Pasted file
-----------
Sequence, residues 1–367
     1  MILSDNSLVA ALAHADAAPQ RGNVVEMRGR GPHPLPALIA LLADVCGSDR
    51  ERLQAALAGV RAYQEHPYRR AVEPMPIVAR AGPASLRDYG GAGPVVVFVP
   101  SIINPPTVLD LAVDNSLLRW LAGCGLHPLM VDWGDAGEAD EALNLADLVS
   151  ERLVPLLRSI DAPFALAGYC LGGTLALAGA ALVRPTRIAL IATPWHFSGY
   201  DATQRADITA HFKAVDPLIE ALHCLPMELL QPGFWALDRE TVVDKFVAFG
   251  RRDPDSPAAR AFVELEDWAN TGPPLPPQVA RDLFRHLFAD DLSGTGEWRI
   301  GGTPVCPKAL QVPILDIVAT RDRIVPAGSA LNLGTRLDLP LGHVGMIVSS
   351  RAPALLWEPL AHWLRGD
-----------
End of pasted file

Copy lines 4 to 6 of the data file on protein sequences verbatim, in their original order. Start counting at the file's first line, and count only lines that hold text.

   101  SIINPPTVLD LAVDNSLLRW LAGCGLHPLM VDWGDAGEAD EALNLADLVS
   151  ERLVPLLRSI DAPFALAGYC LGGTLALAGA ALVRPTRIAL IATPWHFSGY
   201  DATQRADITA HFKAVDPLIE ALHCLPMELL QPGFWALDRE TVVDKFVAFG